Another part of the speech which had been teased in advance. But, given the months of debate on the single market, it's big news nonetheless.



Mrs May says "you cannot control immigration when there is free movement", pointing to her experience as Home Secretary.

FYI, immigration hit a record 650,000 during Mrs May's final year at the Home Office.



Mrs May says "openness to international talent must remain one of Britain's most distinctive assets" but it must be "in the national interest."



The Government will put the final deal to a vote before both Houses of Parliament.

This is pretty big news, given that Theresa May had previously indicated MPs might not be given a vote.

It essentially pre-empts the Supreme Court case, which is expected to rule against the Government and decree that Mrs May must consult MPs before Article 50.

MPs have already agreed to vote in favour of Mrs May's timescale on triggering Article 50, so it's hard to see too many MPs voting down the deal.


It's going to be a hard Brexit

Here's the crux of the speech.

Mrs May says Britain is leaving the EU, 100%.  We don't want a model employed by other countries, clinging onto parts of the existing relationship with EU.

Once again, this was widely trailled but will still make headlines (and possibly cause palpitations among currency traders).



Mrs May says there are two ways of managing difference: you can try to suppress the differences, or work with them. Take that you Brussels pen-pushers!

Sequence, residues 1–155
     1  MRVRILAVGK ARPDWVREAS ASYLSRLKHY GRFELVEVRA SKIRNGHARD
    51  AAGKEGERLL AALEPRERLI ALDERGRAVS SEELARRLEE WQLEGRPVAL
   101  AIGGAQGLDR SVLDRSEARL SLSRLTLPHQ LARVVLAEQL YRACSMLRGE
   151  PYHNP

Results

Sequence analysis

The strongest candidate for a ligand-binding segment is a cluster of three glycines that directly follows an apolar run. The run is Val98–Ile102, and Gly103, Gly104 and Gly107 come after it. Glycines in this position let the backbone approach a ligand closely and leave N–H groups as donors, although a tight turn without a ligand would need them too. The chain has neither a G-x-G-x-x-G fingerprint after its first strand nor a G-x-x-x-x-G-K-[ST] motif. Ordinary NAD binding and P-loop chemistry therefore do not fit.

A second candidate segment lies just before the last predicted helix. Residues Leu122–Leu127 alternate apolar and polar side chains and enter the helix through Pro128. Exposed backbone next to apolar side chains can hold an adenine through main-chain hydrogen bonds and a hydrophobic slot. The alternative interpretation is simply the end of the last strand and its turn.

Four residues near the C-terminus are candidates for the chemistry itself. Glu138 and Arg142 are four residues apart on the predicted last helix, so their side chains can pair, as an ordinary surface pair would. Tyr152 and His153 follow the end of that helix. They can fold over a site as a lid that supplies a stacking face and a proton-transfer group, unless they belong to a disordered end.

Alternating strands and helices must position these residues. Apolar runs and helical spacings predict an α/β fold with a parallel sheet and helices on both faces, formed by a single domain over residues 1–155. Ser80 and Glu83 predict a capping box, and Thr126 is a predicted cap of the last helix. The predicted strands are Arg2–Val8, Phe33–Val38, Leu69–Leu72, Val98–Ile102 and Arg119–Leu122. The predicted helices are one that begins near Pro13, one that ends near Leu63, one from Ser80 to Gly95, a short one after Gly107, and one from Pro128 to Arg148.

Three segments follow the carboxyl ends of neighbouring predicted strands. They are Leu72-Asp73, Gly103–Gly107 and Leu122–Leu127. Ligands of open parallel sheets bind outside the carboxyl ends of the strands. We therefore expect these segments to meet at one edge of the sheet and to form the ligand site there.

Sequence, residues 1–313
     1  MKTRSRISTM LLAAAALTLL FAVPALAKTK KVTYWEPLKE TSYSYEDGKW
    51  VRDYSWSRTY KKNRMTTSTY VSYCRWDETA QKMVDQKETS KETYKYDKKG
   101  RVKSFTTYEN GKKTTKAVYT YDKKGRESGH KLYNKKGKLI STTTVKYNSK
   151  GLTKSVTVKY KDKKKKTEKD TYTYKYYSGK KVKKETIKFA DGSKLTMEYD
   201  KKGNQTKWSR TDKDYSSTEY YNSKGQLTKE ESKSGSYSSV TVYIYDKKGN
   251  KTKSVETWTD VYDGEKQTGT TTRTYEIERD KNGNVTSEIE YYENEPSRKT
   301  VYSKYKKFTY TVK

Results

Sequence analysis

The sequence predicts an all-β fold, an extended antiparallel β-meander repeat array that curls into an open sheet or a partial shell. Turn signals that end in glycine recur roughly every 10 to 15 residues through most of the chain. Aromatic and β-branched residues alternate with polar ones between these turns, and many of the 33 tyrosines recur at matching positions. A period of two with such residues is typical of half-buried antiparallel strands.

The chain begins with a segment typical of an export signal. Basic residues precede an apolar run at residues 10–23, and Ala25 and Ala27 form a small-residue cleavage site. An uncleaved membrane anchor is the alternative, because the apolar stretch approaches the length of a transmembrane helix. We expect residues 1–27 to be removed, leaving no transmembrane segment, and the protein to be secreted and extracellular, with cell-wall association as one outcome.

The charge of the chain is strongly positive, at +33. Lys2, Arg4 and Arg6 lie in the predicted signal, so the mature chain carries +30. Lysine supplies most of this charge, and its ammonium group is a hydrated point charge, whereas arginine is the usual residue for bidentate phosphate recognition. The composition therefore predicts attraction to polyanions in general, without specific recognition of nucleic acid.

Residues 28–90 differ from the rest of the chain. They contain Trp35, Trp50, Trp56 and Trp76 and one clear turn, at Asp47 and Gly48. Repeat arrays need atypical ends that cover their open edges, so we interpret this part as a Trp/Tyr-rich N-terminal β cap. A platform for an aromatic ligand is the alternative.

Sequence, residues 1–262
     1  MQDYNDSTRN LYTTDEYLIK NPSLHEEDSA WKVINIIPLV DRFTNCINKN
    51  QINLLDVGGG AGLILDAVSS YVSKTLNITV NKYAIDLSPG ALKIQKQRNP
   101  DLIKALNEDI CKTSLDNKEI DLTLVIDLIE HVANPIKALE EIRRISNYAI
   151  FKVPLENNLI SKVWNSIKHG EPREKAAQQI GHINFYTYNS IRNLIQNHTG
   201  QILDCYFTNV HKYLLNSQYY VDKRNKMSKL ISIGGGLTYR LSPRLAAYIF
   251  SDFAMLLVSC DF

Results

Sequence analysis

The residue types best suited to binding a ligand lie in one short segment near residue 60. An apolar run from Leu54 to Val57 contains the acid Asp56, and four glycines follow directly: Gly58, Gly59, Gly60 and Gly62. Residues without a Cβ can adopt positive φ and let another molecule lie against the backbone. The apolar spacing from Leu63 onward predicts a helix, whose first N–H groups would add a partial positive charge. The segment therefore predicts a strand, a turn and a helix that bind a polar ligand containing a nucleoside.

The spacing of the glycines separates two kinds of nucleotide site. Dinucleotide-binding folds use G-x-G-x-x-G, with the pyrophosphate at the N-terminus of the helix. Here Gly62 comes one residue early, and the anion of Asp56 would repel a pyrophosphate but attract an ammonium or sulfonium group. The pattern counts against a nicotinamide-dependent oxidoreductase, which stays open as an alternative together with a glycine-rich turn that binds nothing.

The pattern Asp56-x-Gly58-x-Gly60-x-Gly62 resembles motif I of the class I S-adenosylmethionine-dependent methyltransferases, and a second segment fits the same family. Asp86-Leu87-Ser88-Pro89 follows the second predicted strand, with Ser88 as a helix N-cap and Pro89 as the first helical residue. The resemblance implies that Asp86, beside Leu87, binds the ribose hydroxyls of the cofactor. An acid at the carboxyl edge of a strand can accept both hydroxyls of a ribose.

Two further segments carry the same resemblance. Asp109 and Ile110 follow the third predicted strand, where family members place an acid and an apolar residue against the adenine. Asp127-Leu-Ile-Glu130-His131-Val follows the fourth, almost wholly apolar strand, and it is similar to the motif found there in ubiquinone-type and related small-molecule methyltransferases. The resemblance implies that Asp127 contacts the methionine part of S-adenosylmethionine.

She says Britain has "No desire to become more distant from you [or] to damage the EU or its member states," and doesn't want to "turn the clock back" to a time when Europe was a more divided place.

Instead, she says, "it was a vote to restore our Parliamentary sovereignty."



Mrs May is now pointing out how different we are from mainland Europe, saying our lack of a formally codified constitution is evidence of this.

Once again, it's hard to remember her saying this before the referendum last June.



"June 23 was not the moment when Britain chose to step back from the world. It was the moment we chose to build a truly global Britain."

This line had been widely trailled but is still very impactful. Nice line from Mrs May's speechwriters, but what does it actually mean in practice?



"We will put the preservation of our preservation at the heart of everything we do."

Mrs May is talking about the British union of course, not the European one.

Sure a lot of people in Scotland will have something to say about this...



Mrs May says she wants Britain to be a "magnet" for foreign talent, a stance which might be welcomed by migrants living in London and fearing for their future.



Mrs May arrives and begins by saying the British people "voted for a brighter future" by backing Brexit.

Not sure that was her view in the run-up to the referendum...



The highly-anticipated speech will be delivered from Lancaster House, which is already packed in anticipation of the Prime Minister's arrival.

Mrs May is expected to signal her desire for a hard Brexit with a full departure from the single market - an intention which is sure to prove hugely divisive.